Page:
Latvijas Balzams set for mass increase in vodka making

  • 2002-03-07
  • Timothy Jacobs
RIGA - Latvijas Balzams, Latvia's largest distillery, looks set to begin producing all of the Stolichnaya vodka previously exported from the Russian exclave of Kaliningrad in the next few weeks for Soyuzplodimport, a company that represents Latvijas Balzams' controlling shareholder.

"We expect to start producing Stolichnaya for export in about two weeks' time," said Rita Varonkova, the spokesperson for Latvija's Balzams.

Latvijas Balzams produces the Stolichnaya vodka that is sold in Latvia, but taking on the responsibility of producing all of the vodka to be exported would mean a substantial increase in the amount of alcohol that the company produces, as Stolichnaya is the world's most popular vodka brand.

According to Sergei Boguslovsky, Soyuzplodimport's spokesman, 25 million liters of Stolichnaya vodka were produced for export in Kaliningrad last year, and the company expects exports to grow to 32 million liters this year.

Juris Gulbis, chairman of Latvijas Balzams, said that the company has been preparing for the increase in production since Soyuzplodimport bought a controlling share last year and is now ready to raise its output substantially.

The company has no plans to hire more people at its Riga factory but may decide to do so after the company's stockholders meet later this spring.

According to Latvia's State Revenue Service, Latvijas Balzams produced 48.65 percent of the 2.5 million liters of alcohol produced in Latvia last year - a drop in the bucket when compared to Stolichnaya's exports.

Soyuzplodimport is currently embroiled in a legal tug-of-war with the Russian government over who owns the trademarks for Stolichnaya and 42 other vodka brands, including Kristall and Moskovskaya.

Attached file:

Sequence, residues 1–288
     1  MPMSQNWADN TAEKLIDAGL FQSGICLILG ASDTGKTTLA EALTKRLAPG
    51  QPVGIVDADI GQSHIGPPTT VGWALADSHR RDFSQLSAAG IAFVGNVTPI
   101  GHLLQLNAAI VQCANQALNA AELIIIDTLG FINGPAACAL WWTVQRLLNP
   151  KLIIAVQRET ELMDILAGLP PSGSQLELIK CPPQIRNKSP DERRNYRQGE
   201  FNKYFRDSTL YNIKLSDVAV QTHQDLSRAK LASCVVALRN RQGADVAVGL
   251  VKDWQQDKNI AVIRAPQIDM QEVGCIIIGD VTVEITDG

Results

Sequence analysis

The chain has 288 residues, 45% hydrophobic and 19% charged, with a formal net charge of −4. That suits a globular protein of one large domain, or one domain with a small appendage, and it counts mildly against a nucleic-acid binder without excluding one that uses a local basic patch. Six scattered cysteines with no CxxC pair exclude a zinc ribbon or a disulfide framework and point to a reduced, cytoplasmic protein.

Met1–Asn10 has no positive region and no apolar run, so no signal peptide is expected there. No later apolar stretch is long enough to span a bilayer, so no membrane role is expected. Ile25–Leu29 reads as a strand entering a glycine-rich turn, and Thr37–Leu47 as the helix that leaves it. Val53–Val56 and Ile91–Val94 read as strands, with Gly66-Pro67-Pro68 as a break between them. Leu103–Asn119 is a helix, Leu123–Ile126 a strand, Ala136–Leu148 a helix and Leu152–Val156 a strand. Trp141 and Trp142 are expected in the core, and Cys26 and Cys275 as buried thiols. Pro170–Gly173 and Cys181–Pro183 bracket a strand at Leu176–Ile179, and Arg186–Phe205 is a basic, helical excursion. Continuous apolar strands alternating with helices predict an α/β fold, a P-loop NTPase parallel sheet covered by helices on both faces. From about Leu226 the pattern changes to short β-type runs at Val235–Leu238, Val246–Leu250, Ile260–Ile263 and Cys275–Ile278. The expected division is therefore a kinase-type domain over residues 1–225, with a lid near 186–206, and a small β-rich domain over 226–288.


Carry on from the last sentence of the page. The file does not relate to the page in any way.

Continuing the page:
The switch to producing vodka at Latvijas Balzams' facilities is due to problems at the company's Kaliningrad factory, said Boguslovsky.

Two weeks ago Mikhail Vanin, head of Russia's customs service, ordered all regional customs institutions to prevent the export of all Soyuzplodimport products from Russia.

According to Boguslovsky, 120 containers of Stolichnaya vodka are currently impounded in customs in Kaliningrad.

Soyuzplodimport's legal troubles began last October, when Rospatent, the Russian government's patent office, refiled the patents for all 43 of Soyuzplodimport's vodka brands on behalf of Russia's Agriculture Ministry.

But days later a Russian district court returned 26 of the brands to Soyuzplodimport after a company shareholder filed a law suit.

The Agriculture Ministry then filed a counter-suit. Russian Farm Minister Alexei Gordeyev said the state had a right "to win back what under the law belongs to it."

This accounts for Soyuzplodimport's current legal hassles, as both the Russian Federation and Soyuzplodimport are vying for control of all 43 trademarks.

The Russian government believes that Soyuzplodimport acquired the trademarks illegally in 1997 when its similarly named parent company Soyuzplodoimport sold them for a derisory $300,000.

At the time the Foreign Trade Ministry valued the Stolichnaya brand name at more than $1.4 billion.

Russian President Vladimir Putin has been trying to regain control of Russia's vodka industry and its essential tax revenues.

Soyuzplodimport currently owns the rights to the Stolichnaya trademark and it represents the Cyprus registered SPI company, which holds the controlling stake in Latvijas Balzams.